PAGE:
The Berean Expositor
Volume 12 - Page 30 of 160
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In attacking the "postponement theory" you may say that it does not pretend to claim
the support of the Scriptures; then you can face about, and say that you have patiently
examined every Scripture and deduction, and that "it has been a matter of surprise that
such arguments as HAVE BEEN ADVANCED (forgetting the statement about
`pretending'), and have been repeated OVER and OVER (forgetting the other statement
about no Scripture proofs) should ever have been put forth at all".
Another statement equally emphatic, but speedily revoked, is the following:--
"From first to last there is no sign of any break in the purpose of God se clearly
indicated in Matt. 1: 1."
This is not sound argument. Matt. 1: 1 simply says:--
"The book of the generation of Jesus Christ, the Son of David, the Son of Abraham."
and others beside our brother may think that they can discern God's purpose therein,
which differs very much from that of the author of G.P.K.
Following on from this statement, and within four pages of it, our attention is called to
the "enlightening comments" in a letter written by one for whom the "postponement
theory" has been shattered. The "enlightening comments" deal with the quotation of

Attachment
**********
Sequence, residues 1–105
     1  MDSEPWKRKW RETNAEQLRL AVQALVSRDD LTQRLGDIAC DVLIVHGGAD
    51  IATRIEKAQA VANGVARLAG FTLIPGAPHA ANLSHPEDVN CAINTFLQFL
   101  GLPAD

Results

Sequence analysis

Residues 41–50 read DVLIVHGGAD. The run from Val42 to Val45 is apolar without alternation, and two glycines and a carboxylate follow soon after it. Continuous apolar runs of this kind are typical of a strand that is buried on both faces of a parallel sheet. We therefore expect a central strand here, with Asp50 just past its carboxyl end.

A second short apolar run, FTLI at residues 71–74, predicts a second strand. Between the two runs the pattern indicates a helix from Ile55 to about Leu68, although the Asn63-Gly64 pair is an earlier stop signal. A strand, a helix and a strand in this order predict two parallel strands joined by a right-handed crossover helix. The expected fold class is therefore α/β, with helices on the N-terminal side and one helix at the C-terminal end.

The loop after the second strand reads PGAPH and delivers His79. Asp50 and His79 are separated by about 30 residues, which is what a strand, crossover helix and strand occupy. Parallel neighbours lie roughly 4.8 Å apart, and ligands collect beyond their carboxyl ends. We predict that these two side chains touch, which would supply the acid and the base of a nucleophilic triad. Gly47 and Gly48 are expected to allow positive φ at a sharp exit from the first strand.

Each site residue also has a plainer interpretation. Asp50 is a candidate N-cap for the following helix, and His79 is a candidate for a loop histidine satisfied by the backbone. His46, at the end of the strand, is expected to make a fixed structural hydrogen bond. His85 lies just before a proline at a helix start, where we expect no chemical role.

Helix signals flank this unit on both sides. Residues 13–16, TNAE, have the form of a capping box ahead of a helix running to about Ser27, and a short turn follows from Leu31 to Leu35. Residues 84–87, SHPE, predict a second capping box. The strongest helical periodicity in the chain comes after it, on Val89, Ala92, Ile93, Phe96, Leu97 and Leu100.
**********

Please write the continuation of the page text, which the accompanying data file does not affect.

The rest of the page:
Zech. 9: 9 in Matt. 21: 5, where the words concerning the King are given, but the
words concerning salvation are omitted. These are the words:--
"The Holy Spirit purposely leaves out these words from the record in Matt. 21: 5;
for Christ came the first time as the Meek One; and He is coming the second time as the
Just One. Between the first and second comings of Christ there is the age of grace, `the
acceptable year of the Lord'."
This is "enlightening" and true. Surely here is a confession that Scripture teaches a
"break", a "dispensational change", and that the novel "postponement theory" is proved
by its opponent to be as old as Zechariah! Let us read on. "M." seems to lose some of
his certainty as he proceeds:--
"The opposition of the Kings of the earth and its rulers against Him is foretold in
Psalm 2:; and this, according to Acts 4: 26, 27, WAS FULFILLED."
Adherence to the "no break" theory would necessitate that "M." stopped here, but
cannot. In spite of all his strong words to the contrary, he is obliged to adopt the despised
"postponement theory", for he says, "was fulfilled, partially at least". If it was only
fulfilled "partially", the complete fulfillment is yet future, which is all the postponement
theory demands. Even "M." cannot misinterpret Psa. 2: of the church, it is too evidently
future and earthly. We shall see this more clearly still when we return to the subject.
One more reference, and we can leave the question. On page 48 the writer is dealing
with the subject of Malachi's prophecy of Elijah. He says:--
"The words `before the day of the Lord' are not to be taken to mean `immediately
before' the coming of that day."